235 Wellesley Street
Weston, MA 02493
Associate Professor Denise Hildreth is an experienced social work educator with expertise in teaching, curriculum development, administration, accreditation, and field education at the baccalaureate level. A licensed social worker with over 25 years of experience working with children and families, she has a strong professional social work identity and sees her commitment to the profession and passion as a BSW educator as stemming from her own formative experiences as a BSW and MSW student. She earned her PhD in Clinical Social Work from Simmons College in 2016, focusing her doctoral research on homicide bereavement. Denise joined the Regis faculty in 2019, supervising undergraduate social work students field placements and teaching courses across the BSW curriculum. In addition to her teaching, Denise maintains a small private practice where she supports families impacted by grief. In addition, she serves on the leadership teams for 2 local nonprofit organizations, The Mental Health Collaborative, which focuses on mental health literacy education and awareness, and the MRP Project, an organization that serves families who have experienced significant losses. Denise’s research focus is in the area of homicide bereavement, specifically the role of employment as a risk and protective factor in managing grief.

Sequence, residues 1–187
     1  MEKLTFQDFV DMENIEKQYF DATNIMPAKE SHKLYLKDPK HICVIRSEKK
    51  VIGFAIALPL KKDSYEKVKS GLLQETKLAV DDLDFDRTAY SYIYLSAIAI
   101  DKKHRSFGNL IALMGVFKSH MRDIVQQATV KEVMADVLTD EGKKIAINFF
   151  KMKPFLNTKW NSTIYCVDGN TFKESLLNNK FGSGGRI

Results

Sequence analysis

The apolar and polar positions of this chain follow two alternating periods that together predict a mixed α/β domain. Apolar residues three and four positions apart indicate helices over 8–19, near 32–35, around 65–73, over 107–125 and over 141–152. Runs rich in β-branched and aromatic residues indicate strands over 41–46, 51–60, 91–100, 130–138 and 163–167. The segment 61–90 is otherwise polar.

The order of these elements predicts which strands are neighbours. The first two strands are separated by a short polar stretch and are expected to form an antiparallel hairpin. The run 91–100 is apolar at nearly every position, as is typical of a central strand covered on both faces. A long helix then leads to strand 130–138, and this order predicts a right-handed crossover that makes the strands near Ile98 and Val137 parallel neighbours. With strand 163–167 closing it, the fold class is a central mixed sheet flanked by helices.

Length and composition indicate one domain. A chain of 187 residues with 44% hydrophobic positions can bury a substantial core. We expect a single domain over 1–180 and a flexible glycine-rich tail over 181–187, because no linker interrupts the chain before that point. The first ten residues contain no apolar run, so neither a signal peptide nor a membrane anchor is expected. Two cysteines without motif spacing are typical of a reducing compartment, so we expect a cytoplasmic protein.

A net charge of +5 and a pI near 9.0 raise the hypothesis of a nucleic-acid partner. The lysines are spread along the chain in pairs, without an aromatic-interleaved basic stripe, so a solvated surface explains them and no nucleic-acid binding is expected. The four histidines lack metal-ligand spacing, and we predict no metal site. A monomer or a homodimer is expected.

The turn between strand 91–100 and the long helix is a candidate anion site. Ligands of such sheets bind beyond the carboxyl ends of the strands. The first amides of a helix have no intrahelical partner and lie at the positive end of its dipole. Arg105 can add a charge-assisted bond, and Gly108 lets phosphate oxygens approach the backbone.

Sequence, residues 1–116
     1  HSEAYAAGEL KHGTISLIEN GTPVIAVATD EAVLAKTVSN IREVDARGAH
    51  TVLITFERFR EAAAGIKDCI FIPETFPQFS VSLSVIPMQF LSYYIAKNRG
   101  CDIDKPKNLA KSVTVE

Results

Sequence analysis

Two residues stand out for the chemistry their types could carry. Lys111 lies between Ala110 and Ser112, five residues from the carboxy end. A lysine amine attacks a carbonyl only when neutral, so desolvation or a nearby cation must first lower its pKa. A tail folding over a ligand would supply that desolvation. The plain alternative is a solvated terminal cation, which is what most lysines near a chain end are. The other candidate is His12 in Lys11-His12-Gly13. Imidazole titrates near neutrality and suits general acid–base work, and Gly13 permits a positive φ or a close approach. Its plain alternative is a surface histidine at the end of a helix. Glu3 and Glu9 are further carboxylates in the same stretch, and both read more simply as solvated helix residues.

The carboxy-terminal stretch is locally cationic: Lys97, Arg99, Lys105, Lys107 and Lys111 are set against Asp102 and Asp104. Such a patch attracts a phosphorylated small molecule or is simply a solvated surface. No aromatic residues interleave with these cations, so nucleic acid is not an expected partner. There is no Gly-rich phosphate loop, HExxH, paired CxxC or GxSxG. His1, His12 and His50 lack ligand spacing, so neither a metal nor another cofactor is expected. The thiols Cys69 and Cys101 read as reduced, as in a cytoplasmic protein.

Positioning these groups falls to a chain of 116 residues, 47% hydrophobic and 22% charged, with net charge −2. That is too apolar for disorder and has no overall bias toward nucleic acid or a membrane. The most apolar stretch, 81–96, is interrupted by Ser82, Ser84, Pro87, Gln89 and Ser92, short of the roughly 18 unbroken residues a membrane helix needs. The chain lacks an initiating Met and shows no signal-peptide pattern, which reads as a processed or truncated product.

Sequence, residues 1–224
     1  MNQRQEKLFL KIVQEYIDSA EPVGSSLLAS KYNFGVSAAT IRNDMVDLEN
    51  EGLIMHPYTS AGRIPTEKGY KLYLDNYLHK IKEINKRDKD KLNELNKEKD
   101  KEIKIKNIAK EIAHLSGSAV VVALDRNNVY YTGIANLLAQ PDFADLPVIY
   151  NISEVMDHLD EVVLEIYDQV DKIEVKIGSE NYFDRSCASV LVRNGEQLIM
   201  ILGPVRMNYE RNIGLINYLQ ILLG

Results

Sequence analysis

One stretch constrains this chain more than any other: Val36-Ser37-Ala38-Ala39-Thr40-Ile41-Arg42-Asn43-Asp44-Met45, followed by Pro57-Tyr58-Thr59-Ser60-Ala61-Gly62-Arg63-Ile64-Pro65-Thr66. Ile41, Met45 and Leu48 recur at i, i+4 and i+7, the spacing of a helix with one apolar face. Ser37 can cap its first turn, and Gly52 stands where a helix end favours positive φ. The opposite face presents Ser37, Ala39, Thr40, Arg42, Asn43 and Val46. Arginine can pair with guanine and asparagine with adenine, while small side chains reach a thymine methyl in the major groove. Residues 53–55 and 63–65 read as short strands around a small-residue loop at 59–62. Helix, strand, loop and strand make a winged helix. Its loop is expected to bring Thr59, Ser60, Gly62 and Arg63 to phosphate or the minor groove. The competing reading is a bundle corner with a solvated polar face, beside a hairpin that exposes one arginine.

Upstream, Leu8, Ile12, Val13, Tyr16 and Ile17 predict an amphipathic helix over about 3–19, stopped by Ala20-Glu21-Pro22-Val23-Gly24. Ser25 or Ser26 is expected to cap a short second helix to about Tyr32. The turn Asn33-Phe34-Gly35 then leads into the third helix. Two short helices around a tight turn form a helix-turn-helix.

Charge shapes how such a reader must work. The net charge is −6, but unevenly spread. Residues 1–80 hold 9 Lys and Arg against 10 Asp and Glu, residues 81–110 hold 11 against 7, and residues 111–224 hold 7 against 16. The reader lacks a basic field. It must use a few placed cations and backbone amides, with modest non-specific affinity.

As a child welfare practitioner and social work educator, my professional identity is rooted in a social work strengths perspective and a commitment to social justice. As a teacher, I look to create a learning community with students that is based upon mutual respect and an appreciation for intellectual curiosity, challenge, professionalism, and lifelong growth. In the classroom, I strive to assist students in developing strong critical thinking, writing, and professional practice skills that allow them not only to assist individual clients in locating needed resources and addressing specific problems, but to examine the critical role that the social environment and systems of power and oppression play in all of our lives. It is my hope that students not only become strong practitioners, but equally strong advocates and agents of social change.